Higher ed’s Jacobins have been sharpening the blade on their guillotine this week — not only at CU, as we noted here on Wednesday, but also in the bucolic mountain town of Gunnison. There, a mini-mob of incensed faculty at pint-sized Western Colorado University was held at bay — for now, at least — after the school’s Board of Trustees decided on Tuesday to let university President Greg Salsbury keep his job. The fate of University of Colorado system President Mark Kennedy, meanwhile, seems less certain amid continued demands from some CU faculty for his ouster by the system’s politically divided Board of Regents.

Both dust-ups essentially involve a showdown between a chief exec who has bent over backward to embrace the latest dictates and dogmas of academia — on inclusion, on diversity, on equity and the like — and a faculty that sets the bar so high he can never succeed. Indeed, their standards are so nebulous and in some cases, so ridiculous, they are unattainable. It is not entirely clear even they know what they want.

In the case of CU’s Kennedy, members of the faculty assembly penned a letter to other faculty last month denouncing the president for, “failure to uphold the University of Colorado’s commitments respecting diversity, equity, and inclusion.” They seek to leverage a censure by their assembly to prompt the regents to get rid of Kennedy in the coming months.

As we recounted earlier this week, the accusations leveled against Kennedy by the faculty members range from the inscrutable to the absurd — like an indictment read at a show trial.

The “case” against Salsbury in Gunnison is similarly trumped up and nonsensical. Following what some disaffected faculty claim are prior inappropriate statements, Salsbury had the effrontery to liken the Jan. 6 riot at the U.S. Capitol in Washington to the actions of some of last year’s racial justice protesters. Can you imagine!

In a public statement emailed to faculty and others a day after the incident at the Capitol, Salsbury wrote:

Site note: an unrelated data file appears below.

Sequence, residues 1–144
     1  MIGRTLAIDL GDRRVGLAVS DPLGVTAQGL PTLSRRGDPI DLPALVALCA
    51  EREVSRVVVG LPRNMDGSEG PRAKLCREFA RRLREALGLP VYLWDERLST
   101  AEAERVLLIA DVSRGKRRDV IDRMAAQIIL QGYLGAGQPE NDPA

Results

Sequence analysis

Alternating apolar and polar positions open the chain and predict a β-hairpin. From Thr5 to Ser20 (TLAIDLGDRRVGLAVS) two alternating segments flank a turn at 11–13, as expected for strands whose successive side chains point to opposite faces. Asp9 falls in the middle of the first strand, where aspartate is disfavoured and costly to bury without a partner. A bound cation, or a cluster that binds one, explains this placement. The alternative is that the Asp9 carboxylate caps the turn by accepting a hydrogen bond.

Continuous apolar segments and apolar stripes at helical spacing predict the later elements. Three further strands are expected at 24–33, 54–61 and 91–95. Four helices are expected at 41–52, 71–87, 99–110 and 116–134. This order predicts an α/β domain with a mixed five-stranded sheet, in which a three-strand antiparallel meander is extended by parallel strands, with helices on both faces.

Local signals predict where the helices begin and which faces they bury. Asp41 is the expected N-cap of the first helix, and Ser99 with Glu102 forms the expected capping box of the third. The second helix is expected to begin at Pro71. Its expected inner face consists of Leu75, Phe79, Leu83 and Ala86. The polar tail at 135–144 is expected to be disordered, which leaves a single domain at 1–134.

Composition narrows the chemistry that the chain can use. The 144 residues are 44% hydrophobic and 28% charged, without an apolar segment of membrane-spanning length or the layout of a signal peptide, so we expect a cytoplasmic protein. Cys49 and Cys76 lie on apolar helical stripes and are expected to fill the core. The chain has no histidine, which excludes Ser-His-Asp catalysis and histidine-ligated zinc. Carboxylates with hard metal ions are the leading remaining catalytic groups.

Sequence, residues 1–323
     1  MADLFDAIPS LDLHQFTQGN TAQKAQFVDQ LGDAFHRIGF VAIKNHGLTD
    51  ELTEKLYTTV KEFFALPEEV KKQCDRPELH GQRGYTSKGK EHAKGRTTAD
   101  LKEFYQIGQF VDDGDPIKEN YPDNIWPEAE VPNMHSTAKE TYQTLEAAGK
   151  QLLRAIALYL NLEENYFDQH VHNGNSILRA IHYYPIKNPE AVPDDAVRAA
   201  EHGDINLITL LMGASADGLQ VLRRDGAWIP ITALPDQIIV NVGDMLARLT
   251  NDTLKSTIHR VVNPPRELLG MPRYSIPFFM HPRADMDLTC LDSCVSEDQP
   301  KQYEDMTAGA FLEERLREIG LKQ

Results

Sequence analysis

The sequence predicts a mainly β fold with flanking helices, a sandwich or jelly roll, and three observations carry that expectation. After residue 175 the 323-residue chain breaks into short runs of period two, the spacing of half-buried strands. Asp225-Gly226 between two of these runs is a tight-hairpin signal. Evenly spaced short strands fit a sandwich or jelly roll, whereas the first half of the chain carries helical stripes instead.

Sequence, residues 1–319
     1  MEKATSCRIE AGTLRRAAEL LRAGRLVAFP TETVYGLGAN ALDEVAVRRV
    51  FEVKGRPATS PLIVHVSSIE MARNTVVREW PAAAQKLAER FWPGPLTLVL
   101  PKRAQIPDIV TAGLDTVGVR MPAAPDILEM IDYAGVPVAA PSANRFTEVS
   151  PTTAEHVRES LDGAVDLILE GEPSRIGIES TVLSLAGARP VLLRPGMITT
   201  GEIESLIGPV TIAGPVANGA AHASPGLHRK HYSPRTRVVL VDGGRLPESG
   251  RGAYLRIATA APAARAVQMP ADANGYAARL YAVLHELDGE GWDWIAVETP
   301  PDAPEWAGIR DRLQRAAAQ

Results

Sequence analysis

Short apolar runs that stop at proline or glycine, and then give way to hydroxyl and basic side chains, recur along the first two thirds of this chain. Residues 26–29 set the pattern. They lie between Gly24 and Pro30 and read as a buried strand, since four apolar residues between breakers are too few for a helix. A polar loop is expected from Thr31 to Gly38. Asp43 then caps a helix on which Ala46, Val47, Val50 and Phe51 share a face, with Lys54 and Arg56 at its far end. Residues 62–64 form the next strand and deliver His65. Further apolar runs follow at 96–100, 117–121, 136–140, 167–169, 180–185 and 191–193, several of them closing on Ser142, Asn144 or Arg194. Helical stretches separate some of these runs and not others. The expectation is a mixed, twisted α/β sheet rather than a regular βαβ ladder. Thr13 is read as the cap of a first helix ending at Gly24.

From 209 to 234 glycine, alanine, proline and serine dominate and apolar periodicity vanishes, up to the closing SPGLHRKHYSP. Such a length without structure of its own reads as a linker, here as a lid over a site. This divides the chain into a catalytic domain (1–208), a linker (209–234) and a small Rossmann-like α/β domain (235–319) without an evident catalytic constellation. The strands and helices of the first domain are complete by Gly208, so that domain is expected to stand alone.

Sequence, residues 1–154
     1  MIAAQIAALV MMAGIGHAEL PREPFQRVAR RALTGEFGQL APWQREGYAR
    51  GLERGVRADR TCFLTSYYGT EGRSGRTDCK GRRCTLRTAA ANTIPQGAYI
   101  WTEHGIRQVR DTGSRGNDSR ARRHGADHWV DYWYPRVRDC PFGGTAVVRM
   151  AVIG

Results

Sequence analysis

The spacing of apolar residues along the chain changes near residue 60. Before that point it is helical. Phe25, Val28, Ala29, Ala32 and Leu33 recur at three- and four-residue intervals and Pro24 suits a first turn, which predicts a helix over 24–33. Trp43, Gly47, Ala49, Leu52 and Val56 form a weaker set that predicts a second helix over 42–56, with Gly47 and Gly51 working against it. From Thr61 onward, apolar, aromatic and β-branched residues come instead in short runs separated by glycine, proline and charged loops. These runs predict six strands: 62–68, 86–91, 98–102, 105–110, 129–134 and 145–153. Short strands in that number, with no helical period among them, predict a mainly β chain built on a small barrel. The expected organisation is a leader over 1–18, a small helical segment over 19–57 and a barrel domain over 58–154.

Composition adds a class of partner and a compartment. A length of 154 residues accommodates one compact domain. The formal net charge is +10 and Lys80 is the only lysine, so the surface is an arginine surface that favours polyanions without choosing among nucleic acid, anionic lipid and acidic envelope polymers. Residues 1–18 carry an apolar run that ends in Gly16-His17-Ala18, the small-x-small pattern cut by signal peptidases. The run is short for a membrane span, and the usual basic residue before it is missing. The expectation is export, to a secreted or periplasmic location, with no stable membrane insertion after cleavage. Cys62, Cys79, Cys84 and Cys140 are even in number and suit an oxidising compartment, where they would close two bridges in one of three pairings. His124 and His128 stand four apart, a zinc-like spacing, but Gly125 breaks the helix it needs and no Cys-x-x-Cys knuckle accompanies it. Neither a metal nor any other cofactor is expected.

“Over the last year, rioting, burning, looting and violence have emerged from protests across our country — resulting in seemingly endless confrontations, destruction of entire cities, properties, serious injuries, the public’s overall sense of security and deaths … Most of us have watched these events unfold with a mixture of confusion, fear, disgust, anger or sorrow. Many have openly questioned whether this is America any longer. The violence yesterday that interrupted the traditional, peaceful transfer of power punctuated these feelings.”

Somehow, that statement prompted a majority of the school’s small faculty to call for the president’s ouster. Sure, you could spend hours parsing that statement for any passages that could offend anyone — and come up empty handed. But why bother? As with any statement, those who are determined to take offense will do so. And faculty members did.

Typical was an email sent to fellow faculty and the administration by Western drama Professor Steven Cole Hughes shortly after Salsbury’s email, as reported by the Gunnison Times: “Let us not conflate the violent domestic terrorism and insurrection of yesterday with the peaceful Black Lives Matter protests earlier this year. And let us not condemn those who would resort to violence without also condemning the instigator of that violence — Donald Trump.”

Except, Salsbury wasn’t comparing the violent actions of Jan. 6 to the many peaceful participants in the protests of last year. He was comparing the Capitol riot to the violence that also accompanied last year’s protests. And it was widespread even though it was the work of only a minority of political opportunists who had sought to exploit the other marchers and demonstrators. Hughes could have corroborated the effects of that violence with a visit to downtown Denver last summer. Whole blocks were shattered and boarded up.

More likely, what griped Hughes was that he supported one cause and not the other, as evidenced by his second sentence.

Another faculty member quoted in the Gunnison newspaper was more up front about her double-standard. Recreation and outdoor education Professor Brooke Moran wrote in an email obtained by the Times that there was a “vast difference” between Black Lives Matter protests and the Capitol riots because the actions last year were the result of “discrimination and unjust violence” against people of color. The Capitol violence, the professor asserted, reflected the acts of “uninformed, violent (mostly) angry white men.” And there you have it.

What is so noteworthy about such faculty tantrums isn’t their lack of intellectual rigor but their sheer intolerance. It is reassuring that Western’s board declined to dismiss its president over his perfectly reasonable appeal to keep protests peaceful. It’s disturbing, and also ironic, that society’s supposed sentinels of free expression are seeking his head for speaking his mind.

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